Prepare to have your mind blown.

.

Hold on to your hats because I’m about to turn your world upside down.

.

.

“Yup, it turns out that Humpty Dumpty from
one of your favourite nursery rhymes wasn’t
actually an egg and the more we think about
it, the more obvious it seems.


Let’s give you a rhyme refresher:


Humpty Dumpty sat on a wall,
Humpty Dumpty had a great
fall;
All the king’s horses and all the
king’s men
Couldn’t put Humpty together
again.

Still a banger even now, but does it actually
mention that HD was an egg?

The idea that Humpty was an egg first
appeared in Lewis Carroll’s 1872 novel,
Through the Looking-Glass. Chapter six of the book is entitled “Humpty Dumpty’ where
he is described in all his eggy glory.
“However, the egg only got larger and larger, and more and more human: when she had come within a few yards of it, she saw that it had eyes and
a nose and mouth; and when she had come close to it, she saw clearly that it was Humpty Dumpty himself. It can’t be anybody else!’ she said to
herself. I’m as certain of it, as if his name were written all over his face.”

So it’s safe to say that this is where the idea
that Humpty was an egg came from, but the
rhyme apparently came before Lewis Carroll’s novel.
Fortunately, after a Twitter exchange, the truth has been uncovered again, and Humpty’s true identity is even weirder than we first thought.
It all started when author Holly Bourne tweeted:

Who decided Humpty Dumpty was an
egg? Its not in the lyrics, and deciding
he’s a giant egg is quite a random leap
for someone to make, and everyone
else being like, “yeah, a giant egg on a
wall. Of course
.

She added in a follow-up tweet:

Also, imagine having NO ARMY because they’re
busy fixing a broken egg.
“The king sent literally EVERYONE out to
save the giant egg who isn’t actually an egg,
leaving the realm wide open for attack.


Jane Etheridge, who is the Vice Chair of
Federation of Children’s Book Groups, came
to the rescue and offered a theory as to what
HD actually is.

And apparently he was… a cannon?!

.

.

She wrote: “It’s believed to be Roundhead
propaganda about a Royalist cannon. First
appearance as an egg was in Through the Looking Glass
It adds up with the ideas of several war
historians, who agree that he was in fact a
cannon.

Yep.

A large cannon which is
believed to have been used in English Civil
War (1642-1649), specifically, in the
1648 Siege of Colchester.”

.

Humpty Dumpty was a canon? I had to research this further.

.

“The original story pre-dates Carroll’s take on the character. According to a number of military historians, Humpty Dumpty was the name of a cannon used by the Royalists during the English Civil War.

The conflict raged from 1642 to 1649, and in June of 1648, Humpty Dumpty was stationed on the walls of Colchester. It was one of several cannons erected to try and keep Parliament’s army from taking the city. The next month, however, the Parliamentary forces heavily damaged the walls beneath Humpty Dumpty with their own artillery. You can guess where this is going: Humpty Dumpty had a great fall, and broke into pieces.”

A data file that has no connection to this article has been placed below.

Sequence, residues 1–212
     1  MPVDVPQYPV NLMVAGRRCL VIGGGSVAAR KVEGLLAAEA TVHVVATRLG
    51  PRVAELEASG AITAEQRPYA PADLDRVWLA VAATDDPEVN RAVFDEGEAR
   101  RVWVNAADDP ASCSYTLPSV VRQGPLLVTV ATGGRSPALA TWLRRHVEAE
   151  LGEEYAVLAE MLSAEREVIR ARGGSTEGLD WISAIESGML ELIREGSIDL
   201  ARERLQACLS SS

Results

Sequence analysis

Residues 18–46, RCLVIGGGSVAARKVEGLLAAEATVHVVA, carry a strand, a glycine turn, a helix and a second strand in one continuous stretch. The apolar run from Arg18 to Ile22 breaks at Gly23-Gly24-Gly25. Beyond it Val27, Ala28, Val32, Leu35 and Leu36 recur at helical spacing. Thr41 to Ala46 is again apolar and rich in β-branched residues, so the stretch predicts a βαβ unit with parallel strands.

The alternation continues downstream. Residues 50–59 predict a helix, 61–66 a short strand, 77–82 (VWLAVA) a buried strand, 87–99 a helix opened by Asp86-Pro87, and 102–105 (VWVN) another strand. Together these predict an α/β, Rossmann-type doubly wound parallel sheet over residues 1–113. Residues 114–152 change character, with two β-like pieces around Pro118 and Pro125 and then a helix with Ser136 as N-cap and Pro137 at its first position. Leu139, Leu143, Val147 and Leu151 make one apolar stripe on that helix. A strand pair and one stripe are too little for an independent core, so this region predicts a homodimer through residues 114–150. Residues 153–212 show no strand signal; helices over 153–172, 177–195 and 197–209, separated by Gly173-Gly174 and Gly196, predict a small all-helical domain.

.

And if that’s not bad enough? Here’s another theory…

.

“This all fits together very neatly, but there’s no decisive evidence that the tale is the origin of the nursery rhyme. In 15th-Century England, “Humpty Dumpty” was a common snarky nickname for somebody who was a little on the large side. Muddling the matter further, it’s also been suggested that Charles I himself was Humpty Dumpty, having been toppled from a great height by his Parliament. Those loyal to him certainly couldn’t put him back in his lofty position after all.”

.

So our beloved egg was actually a canon… or a fat king.

In light of this discovery there’s only one thing I can be certain of now.

My entire childhood was a lie.

.

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36 thoughts on “Prepare to have your mind blown.”

      1. I was awake when my mother put a dime under my pillow, and in the morning she told it it was from the Tooth Fairy. I said, “I love you, Tooth Fairy!” and hugged her.

        Liked by 3 people

  1. Almost all nursery rhymes and fairy tales have rather bizarre and sometimes horrific origins that are better left unexplored by those who wish to protect their childhood. Ring Around the Rosey is infamously about the Black Plague…

    Liked by 1 person

      1. I’d heard the king explanation before, but never the cannon. That being said, I admit to having never considered where Humpty’s “eggness” came from because that’s drilled in your head from preschool on….

        Liked by 1 person

      2. The cannon makes sense (It’s a mortar) in context of the nursery rhyme. What doesn’t make sense is putting it on top of a wall. Mortar rounds are fired in a high arc, so walls don’t really get in the way.

        Liked by 1 person

  2. Wow and yet not surprised. All fairytales are a lie, I remember finding out about Hansel and Gretel and how the witch had every right to want to put them in the oven. They were snotty, rotten kids being bullies. But Humpty Dumpty being a canon, now that’s hilarious!

    Liked by 1 person

  3. The Brothers Grimm wrote fairy tales grim
    But Lewis Carroll (a deacon) wrote no carols.
    Pearl White starred in The Perils of Pauline
    But Christopher Wren designed nothing for sparrows
    Which only goes to show that you never can Tell
    William(s) from Robin, whereas Williams can be Farrells.

    Liked by 1 person

  4. Oh my. I never thought Humpty was an egg; I just thought he/it was a large round man. The rhyme never made sense now that I think about it, but most nursery rhymes were weird. Right?
    This is bizarre to say the least!

    Liked by 1 person

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